The second verse of Brain Damage, “The lunatic is in the hall, The lunatic is in my hall, The paper holds their faded faces to the floor, And every day, the paper boy brings more”, uses the idea of the hallway as a metaphor for Barrett’s mind.  The door which the paperboy, a metaphor for society, pushes information (the newspapers) through refers to the way in which the “lunatic” is locked inside his own mind.  Additionally, those featured in newspapers are often seen as “lunatics” of society.  “And every day, the paper boy brings more” is suggestive of overload with the mind of the “lunatic” not being able to take all the information thrown at him on board.  The fact that the pictures of the “lunatics” on the newspaper are face down is suggestive of them being locked up away from the view of society.   Additionally, the way in which their faces are “faded” is suggestive of the way in which the “lunatics” become just a faded memory when locked away.

The first chorus, “And if the dam breaks open many years too soon, and there’s no room upon the hill, And if your head explodes with dark forebodings too, I’ll see you on the dark side of the moon” refers to the way in which Waters felt a kinship with Barrett in terms of his mental idiosyncrasies.   The line “And if there is no room upon the hill” could be seen as a nod to The Beatles’ song The Fool on the Hill, from their 1967 album Magical Mystery Tour.  The fact that “there is no room on the hill” is suggestive that we all have lunatic elements within us.

The following verse, “The lunatic is in my head, The lunatic is in my head, You raise the blade, you make the change, You re-arrange me ‘til I’m sane, You lock the door and throw away the key, There’s someone in my head, but it’s not me” refers to the frontal lobotomy, a controversial surgical intervention used to treat psychosis, schizophrenia, paranoia or other severe conditions.  In particular, the line “You raise the blade, you make the change” refers to the actual act of making incisions in the patient’s head.  The final line of the verse, “There’s someone in my head, but it’s not me”, is suggestive of the disassociation felt by those suffering from mental illness between the true self and the self impacted by the condition; the self presented to the world outside of their head.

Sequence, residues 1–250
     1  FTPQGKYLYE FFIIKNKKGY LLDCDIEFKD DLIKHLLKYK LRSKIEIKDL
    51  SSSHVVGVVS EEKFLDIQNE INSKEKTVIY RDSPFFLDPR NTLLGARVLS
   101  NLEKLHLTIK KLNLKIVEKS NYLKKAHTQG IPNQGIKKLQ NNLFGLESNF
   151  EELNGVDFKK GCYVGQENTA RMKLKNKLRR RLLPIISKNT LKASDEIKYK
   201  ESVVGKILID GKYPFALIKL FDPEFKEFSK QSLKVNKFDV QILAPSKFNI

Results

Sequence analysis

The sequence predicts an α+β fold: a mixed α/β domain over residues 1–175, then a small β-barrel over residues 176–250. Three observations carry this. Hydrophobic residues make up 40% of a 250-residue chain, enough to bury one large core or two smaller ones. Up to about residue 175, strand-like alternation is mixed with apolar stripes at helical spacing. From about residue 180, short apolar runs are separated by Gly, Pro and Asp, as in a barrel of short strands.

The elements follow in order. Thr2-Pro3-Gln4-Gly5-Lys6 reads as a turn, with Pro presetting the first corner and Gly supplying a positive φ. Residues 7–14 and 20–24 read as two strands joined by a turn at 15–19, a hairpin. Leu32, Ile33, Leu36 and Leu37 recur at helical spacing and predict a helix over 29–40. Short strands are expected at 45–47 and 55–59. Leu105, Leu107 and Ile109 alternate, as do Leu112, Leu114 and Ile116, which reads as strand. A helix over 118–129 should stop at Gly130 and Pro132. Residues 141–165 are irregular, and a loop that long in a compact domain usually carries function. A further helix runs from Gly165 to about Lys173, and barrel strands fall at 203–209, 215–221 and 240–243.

The second chorus, “And if the cloud bursts, thunder in your ear, You shout and no one seems to hear, And if the band you’re in starts playing different tunes, I’ll see you on the dark side of the moon”, makes reference to Barrett’s behaviour towards the end of his time with the band.  Due to his mental health issues, he would spontaneously break into playing a different song to the rest of the band in the middle of a concert, hence the band “playing different tunes”.

Barrett’s final practice session with the band including the artist coming into the session saying he had a new song called Have You Got It Yet?  At first, the song was simple to learn, but quickly became impossible, with the rest of the band then realising that Barrett had been changing the arrangements whilst they were practicing it.  He would then play it again, with the changes he had made and sing “Have you got it yet?”  Eventually his bandmates realised that they were simply being subjected to Barrett’s idiosyncratic sense of humour.  In Toby Manning’s 2006 book The Rough Guide to Pink Floyd, Waters called the incident, “a real act of mad genius”.